an outlet provided in a last-in-order (along the flow of air) collecting duct, for communication with a container for the heated air.
2. A tubular air heater as claimed in claim 1, wherein each of said tube banks of each of said plurality of passes is made in the form of separate sections provided with a side casing serving as walls of each of said plurality of interconnecting air conduits.
Description
REFERENCES TO RELATED APPLICATIONS

The present application is a continuation-in-part of patent application Ser. No. 295,752, filed on Aug. 24, 1981, for the TUBULAR AIR HEATER, which is a continuation of patent application Ser. Nos. 42,877 and 295,752 "Tubular Air Heater", filed with U.S. Patent Office on May 29, 1979 and Aug. 24, 1981, respectively, and now abandoned.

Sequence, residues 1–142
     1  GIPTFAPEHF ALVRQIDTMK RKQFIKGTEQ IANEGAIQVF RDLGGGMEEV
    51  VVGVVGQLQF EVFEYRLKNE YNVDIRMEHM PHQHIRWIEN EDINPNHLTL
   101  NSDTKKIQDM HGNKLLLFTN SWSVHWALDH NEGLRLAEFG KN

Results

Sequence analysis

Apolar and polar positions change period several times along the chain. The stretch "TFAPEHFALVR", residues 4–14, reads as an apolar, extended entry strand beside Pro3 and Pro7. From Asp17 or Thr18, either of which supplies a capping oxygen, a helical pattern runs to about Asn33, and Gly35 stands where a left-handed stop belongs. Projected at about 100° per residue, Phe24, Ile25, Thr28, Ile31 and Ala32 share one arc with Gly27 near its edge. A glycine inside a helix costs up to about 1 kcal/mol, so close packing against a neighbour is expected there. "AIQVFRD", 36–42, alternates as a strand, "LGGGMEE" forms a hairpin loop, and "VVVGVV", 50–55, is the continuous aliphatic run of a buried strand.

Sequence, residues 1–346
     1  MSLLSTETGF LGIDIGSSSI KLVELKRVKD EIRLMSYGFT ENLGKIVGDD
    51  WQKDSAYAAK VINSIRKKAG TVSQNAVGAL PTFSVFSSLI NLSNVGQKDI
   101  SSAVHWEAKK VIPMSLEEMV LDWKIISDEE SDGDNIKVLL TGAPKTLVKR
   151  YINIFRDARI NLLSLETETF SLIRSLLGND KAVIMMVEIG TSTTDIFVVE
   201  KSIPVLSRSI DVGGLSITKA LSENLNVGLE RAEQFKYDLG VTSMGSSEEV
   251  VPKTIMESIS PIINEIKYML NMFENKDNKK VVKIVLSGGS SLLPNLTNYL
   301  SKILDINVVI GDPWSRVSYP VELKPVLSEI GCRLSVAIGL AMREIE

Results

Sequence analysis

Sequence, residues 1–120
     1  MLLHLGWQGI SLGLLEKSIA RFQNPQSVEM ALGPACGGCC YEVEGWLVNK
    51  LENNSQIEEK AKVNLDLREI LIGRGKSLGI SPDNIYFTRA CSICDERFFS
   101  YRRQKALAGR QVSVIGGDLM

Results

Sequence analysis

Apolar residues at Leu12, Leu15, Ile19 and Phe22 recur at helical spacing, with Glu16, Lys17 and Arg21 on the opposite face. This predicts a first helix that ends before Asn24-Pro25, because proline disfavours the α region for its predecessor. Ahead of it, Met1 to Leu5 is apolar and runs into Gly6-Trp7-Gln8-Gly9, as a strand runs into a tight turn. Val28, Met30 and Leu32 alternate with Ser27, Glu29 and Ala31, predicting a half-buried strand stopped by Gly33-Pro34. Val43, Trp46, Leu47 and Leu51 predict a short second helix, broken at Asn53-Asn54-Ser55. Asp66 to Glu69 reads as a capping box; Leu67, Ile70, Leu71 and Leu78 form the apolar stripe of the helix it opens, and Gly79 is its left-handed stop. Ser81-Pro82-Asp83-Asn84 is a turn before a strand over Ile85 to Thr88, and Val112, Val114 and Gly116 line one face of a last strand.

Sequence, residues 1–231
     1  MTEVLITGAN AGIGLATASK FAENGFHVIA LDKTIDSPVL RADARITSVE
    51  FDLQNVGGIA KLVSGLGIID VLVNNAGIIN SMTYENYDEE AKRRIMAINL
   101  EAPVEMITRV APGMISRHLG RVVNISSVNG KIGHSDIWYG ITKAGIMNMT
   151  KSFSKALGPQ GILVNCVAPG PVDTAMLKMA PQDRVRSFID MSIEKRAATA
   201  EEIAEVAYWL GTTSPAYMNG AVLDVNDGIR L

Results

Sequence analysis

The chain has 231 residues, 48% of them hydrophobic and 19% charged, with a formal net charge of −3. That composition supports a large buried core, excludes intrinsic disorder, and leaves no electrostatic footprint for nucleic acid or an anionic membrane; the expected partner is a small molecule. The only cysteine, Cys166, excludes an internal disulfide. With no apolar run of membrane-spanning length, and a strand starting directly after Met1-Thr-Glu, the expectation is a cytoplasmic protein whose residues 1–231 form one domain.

DESCRIPTION OF PRIOR ART